1. Thank you so much Jo. Need all the help I can get. Change is so very hard when we age; impossible for my husband. But, I think change is good, full of possibility and new adventures. My husband wants to hold on to the past, while I want to move on, go forward. We are at a crossroad. It would be a totally different story if we lived close to the city.

      Delete
  2. How interesting you are the second blogger I trailed after who has an equine bit of life. The other, The Venomous Bead mentioned their neighbor's donkey on and off, then that the donkey was a present for the little boy of the family and then it became too expensive and must be sold. So, she and her husband bought it, etcetcetc.
    I hope you can find an old horse home. I suppose for both of them is out of the question. Best of luck.

    ReplyDelete
  3. Oh Donna, I do so hope you can find a home for the two of them. I am sure there is another kind person with a heart of gold out there somwhere, but it is just finding them.

    ReplyDelete
    Replies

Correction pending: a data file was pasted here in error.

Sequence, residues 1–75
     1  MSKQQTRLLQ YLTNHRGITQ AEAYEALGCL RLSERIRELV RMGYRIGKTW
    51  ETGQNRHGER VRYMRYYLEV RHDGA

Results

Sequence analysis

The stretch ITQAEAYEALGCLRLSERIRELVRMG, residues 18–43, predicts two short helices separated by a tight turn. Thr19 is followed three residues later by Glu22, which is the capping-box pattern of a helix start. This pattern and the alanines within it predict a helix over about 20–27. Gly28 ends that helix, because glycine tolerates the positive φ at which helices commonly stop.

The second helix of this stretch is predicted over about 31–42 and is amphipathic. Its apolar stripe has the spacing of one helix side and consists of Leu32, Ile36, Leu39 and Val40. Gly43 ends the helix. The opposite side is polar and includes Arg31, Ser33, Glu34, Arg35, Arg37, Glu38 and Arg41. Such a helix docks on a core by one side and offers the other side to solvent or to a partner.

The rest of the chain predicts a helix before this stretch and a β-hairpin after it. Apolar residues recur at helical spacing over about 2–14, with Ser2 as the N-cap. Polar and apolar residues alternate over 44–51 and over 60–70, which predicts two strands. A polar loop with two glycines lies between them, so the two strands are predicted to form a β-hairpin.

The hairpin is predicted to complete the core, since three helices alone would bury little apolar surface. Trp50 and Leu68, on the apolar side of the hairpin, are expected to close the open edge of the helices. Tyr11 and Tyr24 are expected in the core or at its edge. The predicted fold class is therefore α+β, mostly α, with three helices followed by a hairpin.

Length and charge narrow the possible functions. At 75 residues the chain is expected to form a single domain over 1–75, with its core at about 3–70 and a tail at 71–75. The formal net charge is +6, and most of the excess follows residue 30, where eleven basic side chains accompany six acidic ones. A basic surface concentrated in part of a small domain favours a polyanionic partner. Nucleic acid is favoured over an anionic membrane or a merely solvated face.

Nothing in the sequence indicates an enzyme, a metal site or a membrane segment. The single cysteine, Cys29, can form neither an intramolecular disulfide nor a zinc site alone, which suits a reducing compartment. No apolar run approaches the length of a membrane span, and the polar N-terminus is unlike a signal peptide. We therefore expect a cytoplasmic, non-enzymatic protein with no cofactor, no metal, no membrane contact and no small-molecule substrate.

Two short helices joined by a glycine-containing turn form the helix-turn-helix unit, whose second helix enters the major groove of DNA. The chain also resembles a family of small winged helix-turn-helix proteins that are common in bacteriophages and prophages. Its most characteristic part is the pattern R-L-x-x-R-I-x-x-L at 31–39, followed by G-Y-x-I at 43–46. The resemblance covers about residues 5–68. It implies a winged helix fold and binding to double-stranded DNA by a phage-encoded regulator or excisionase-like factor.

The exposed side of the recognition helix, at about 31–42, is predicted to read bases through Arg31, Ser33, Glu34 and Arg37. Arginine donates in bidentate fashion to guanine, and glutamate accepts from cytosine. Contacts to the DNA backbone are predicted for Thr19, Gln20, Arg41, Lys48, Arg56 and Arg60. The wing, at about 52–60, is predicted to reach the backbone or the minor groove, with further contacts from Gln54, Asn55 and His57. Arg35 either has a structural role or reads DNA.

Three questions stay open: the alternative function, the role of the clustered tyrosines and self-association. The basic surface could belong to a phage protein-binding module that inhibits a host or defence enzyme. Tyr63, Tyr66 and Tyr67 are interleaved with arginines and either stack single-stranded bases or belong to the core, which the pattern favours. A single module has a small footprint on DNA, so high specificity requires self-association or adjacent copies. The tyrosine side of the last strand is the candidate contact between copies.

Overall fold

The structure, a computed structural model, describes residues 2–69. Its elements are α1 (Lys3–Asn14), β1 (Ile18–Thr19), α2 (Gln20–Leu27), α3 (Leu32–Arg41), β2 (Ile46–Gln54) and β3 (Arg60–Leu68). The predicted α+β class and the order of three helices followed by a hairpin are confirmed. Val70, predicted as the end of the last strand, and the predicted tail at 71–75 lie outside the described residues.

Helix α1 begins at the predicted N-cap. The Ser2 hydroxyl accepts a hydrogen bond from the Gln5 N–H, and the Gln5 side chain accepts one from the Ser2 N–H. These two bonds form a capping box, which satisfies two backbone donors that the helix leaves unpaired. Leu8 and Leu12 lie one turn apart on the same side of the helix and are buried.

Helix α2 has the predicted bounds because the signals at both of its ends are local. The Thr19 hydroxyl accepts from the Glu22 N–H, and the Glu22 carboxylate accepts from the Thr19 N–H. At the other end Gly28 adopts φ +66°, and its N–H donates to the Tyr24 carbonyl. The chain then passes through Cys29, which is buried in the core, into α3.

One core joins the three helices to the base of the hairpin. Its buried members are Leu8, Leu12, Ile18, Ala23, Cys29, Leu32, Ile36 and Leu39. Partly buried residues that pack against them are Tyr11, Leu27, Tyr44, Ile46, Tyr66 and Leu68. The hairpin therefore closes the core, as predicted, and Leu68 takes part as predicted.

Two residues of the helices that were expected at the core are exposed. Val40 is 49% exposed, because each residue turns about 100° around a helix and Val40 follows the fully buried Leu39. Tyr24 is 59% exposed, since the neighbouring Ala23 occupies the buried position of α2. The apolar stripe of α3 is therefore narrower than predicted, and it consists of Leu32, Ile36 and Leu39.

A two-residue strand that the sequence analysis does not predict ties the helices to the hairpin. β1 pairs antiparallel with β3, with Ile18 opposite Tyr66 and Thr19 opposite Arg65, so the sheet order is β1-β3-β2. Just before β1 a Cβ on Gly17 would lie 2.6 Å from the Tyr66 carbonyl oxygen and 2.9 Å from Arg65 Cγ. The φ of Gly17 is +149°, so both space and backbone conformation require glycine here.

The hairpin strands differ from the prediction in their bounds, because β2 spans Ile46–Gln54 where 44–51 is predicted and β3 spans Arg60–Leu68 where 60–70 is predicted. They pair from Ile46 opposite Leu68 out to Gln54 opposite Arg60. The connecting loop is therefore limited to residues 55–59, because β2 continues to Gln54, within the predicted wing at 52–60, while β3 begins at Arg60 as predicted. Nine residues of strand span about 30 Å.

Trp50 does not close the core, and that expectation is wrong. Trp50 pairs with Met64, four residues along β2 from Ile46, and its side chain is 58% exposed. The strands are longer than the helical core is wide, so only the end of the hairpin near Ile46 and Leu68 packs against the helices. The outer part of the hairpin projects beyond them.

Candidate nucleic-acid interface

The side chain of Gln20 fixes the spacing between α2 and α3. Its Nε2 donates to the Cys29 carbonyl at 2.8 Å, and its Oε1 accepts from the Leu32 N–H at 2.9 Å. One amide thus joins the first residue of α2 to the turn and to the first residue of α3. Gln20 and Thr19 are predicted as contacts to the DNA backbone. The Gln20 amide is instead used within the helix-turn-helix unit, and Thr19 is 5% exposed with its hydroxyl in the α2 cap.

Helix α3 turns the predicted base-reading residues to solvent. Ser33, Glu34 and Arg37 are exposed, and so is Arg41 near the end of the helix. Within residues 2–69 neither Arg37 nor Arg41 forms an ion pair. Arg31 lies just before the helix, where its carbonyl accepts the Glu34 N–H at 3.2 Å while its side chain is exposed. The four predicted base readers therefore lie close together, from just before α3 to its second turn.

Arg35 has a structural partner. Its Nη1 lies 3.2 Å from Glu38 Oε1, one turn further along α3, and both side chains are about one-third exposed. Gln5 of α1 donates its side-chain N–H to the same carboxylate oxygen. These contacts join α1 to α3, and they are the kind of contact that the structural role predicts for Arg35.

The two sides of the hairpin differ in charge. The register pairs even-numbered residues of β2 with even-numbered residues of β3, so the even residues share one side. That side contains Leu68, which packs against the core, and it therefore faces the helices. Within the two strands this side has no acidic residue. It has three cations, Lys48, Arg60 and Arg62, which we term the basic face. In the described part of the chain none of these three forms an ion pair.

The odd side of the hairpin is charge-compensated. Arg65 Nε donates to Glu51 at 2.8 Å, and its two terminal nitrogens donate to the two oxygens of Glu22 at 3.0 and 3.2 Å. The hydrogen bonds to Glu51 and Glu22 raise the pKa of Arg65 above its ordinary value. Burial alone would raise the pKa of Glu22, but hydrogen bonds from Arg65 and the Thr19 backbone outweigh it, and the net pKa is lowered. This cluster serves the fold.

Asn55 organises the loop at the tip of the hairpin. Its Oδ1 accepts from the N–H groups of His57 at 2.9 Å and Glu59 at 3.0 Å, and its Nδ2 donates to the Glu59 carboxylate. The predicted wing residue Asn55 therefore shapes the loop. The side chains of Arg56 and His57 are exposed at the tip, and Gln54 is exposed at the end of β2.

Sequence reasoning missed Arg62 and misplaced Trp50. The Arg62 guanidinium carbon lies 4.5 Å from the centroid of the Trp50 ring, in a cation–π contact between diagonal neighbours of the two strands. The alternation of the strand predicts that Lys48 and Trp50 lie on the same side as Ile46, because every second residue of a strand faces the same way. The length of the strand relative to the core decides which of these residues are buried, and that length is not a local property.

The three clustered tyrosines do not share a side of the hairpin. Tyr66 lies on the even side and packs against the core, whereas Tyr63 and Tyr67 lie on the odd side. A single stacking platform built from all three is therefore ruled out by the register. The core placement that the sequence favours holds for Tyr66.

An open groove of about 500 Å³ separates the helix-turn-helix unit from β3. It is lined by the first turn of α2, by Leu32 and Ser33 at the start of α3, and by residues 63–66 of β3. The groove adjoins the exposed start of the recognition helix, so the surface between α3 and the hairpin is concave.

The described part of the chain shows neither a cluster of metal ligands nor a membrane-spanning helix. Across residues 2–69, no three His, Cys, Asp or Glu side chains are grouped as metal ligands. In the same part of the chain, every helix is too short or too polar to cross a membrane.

1. I used to be like Churchill - never, never, never gave up. I won't give up on this issue though. My achilles heel is animals.

      Delete
  4. What a tender heart you have.

    I love that in people.

    ReplyDelete
    Replies
    1. Thank you Monique. I simply cannot see an animal suffer. I have saved so many dogs and cats that people dump in the country, but the pleasure has been all mine. I even love Mean Mom the feral cat, that smacked my glasses off and tried to scratch my eyes out. I finally caught her and had her fixed and she is at least civil now.

      Delete
  5. Donna, what a lot of change is knocking on your door now. I can definitely understand how difficult making big decisions can be. How I do hope that you will find loving homes for those horses.

    With my love of a big city, and dreams of countryside, I am quite interested to learn more about your transitioning. Do enjoy your weekend city stay! xo

    ReplyDelete
    Replies